2. Is Key, after refusing to apologise to Tania, the sort of man Cunliffe was apologising for??

    • Keep strawmanning. Labour is only on 25% is most polls. Still a lot more to fall.

      The more partisan, personal and half baked attacks hurled at Key, the better for National.

        • Mark took a scientific survey of his friends and nine out of ten said “Bitches make us do it.” The tenth was busy trying to look in the neighbour’s window.

          I am sick of the Tory shit on this topic. If someone said to my face the garbage that Blubber Boy printed about Tania, I would have real trouble controlling myself. Nact is the party of rugby, racism, and rape culture. They need to go.

      • @ Mark: does your mother know that you’re writing this stuff? You told her that you’re doing your homework: better get back to it before she rumbles you!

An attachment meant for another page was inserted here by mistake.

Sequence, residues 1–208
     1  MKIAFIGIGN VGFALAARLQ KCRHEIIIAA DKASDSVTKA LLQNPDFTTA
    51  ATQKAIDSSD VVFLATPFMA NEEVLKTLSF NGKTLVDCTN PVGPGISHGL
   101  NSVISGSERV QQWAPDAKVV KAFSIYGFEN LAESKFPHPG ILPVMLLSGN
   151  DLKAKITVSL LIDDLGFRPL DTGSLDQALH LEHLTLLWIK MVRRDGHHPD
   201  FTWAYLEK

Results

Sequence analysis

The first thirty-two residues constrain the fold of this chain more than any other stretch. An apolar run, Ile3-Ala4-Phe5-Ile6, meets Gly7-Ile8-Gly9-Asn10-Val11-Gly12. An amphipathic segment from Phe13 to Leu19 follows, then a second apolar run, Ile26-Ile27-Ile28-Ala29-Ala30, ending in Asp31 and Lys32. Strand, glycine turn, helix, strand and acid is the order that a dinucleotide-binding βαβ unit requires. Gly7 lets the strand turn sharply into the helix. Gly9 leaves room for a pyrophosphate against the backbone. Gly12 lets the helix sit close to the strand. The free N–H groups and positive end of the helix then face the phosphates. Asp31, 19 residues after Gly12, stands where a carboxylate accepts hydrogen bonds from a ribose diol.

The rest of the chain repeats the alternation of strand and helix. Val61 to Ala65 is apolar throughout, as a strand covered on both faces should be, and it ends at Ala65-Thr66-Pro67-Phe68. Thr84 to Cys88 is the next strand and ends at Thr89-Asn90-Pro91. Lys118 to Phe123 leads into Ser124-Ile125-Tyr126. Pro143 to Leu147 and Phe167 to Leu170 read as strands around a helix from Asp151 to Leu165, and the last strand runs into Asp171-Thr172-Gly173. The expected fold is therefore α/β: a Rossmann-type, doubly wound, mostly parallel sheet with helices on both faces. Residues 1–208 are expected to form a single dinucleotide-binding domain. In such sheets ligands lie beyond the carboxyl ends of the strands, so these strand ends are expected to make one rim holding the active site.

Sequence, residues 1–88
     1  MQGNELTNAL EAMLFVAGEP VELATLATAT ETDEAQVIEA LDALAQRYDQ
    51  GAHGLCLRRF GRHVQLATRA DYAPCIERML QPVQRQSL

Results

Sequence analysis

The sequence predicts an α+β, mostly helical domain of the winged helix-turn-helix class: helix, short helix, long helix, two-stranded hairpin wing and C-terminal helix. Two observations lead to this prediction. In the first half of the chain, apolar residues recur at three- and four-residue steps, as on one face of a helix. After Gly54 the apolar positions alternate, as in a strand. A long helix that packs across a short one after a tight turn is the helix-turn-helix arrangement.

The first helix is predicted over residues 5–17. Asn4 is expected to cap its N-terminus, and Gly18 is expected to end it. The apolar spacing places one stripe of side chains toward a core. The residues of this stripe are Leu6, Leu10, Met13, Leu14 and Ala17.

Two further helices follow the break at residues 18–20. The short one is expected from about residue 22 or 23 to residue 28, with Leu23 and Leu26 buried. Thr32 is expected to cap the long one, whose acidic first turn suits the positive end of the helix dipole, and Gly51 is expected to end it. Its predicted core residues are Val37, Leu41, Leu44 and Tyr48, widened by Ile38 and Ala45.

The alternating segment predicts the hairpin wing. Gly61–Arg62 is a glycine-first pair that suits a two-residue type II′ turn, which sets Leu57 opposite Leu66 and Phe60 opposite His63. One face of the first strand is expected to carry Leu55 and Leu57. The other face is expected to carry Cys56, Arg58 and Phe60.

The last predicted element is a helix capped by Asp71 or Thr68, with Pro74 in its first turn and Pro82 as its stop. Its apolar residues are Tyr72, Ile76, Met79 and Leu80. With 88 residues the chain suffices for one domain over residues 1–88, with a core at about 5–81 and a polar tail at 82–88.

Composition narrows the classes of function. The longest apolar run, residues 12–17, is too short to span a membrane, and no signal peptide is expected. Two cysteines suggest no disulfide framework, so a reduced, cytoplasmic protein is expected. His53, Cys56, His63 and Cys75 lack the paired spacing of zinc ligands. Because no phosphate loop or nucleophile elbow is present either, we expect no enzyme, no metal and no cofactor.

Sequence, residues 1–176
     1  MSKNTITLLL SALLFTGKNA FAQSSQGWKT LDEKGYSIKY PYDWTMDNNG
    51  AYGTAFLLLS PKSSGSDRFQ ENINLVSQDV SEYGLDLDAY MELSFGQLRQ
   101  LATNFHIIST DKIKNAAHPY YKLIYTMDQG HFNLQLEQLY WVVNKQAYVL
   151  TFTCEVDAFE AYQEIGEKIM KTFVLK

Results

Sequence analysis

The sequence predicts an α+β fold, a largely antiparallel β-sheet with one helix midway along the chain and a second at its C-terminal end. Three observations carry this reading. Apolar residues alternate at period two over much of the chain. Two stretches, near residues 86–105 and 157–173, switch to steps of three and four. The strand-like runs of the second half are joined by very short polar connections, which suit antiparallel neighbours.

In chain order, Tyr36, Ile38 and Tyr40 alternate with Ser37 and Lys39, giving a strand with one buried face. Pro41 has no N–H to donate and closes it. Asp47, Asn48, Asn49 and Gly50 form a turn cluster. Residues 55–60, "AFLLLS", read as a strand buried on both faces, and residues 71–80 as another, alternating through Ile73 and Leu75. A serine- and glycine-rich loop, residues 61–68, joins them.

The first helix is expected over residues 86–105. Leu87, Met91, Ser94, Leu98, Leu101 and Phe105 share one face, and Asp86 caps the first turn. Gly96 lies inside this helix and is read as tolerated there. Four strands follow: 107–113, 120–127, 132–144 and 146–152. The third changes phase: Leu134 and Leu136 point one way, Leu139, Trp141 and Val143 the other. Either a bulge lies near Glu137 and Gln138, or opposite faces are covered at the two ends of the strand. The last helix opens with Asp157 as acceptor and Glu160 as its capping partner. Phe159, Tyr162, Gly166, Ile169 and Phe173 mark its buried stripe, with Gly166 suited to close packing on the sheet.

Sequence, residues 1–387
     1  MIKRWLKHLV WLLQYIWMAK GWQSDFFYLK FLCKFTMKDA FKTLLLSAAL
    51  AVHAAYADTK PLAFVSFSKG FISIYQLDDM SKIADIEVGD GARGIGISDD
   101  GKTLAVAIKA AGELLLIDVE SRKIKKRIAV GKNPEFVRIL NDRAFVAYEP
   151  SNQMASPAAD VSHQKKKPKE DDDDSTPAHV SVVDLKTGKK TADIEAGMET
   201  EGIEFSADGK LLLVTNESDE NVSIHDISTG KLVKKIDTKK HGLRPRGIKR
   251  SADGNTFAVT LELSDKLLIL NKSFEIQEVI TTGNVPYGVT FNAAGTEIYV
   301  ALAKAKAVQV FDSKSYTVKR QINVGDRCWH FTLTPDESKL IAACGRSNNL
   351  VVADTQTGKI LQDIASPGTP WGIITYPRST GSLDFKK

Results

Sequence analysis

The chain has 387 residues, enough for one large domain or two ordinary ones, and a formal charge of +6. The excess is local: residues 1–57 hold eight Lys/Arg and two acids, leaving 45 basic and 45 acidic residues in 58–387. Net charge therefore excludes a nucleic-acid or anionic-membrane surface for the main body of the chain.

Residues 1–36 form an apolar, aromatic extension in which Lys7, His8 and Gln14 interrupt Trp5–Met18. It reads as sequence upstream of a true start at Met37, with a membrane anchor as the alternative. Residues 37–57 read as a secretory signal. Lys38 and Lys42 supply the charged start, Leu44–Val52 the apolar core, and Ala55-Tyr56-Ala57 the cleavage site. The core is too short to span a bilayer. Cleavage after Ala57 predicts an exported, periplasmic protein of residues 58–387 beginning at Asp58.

3. Now Key has refused to apologise for the government shabby treatment of her;

    “I don’t make apologies unless there’s a serious reason for me to do that.”


    I wonder how many women (and men) will pause to consider that remark, before voting for National this year.

    And yes, Rachel, this is indeed the enabling of the rape culture which permeates our society. It also gives those on the Right (many of whom hate feminism with a psychopathic fervour) an excuse to dismiss the whole problem.

      • @ Once Was Tim: “That image would make a bloody good Liar Liar Pants on Fire billboard replacement”

        Hear hear!

    • When a woman dares to stand up for herself, or other women and children, why is it labeled feminism? When society perceives feminists with an attitude of derision.
      Standing up for women and children in our current state of society should be normal, and labeled as such, and lauded.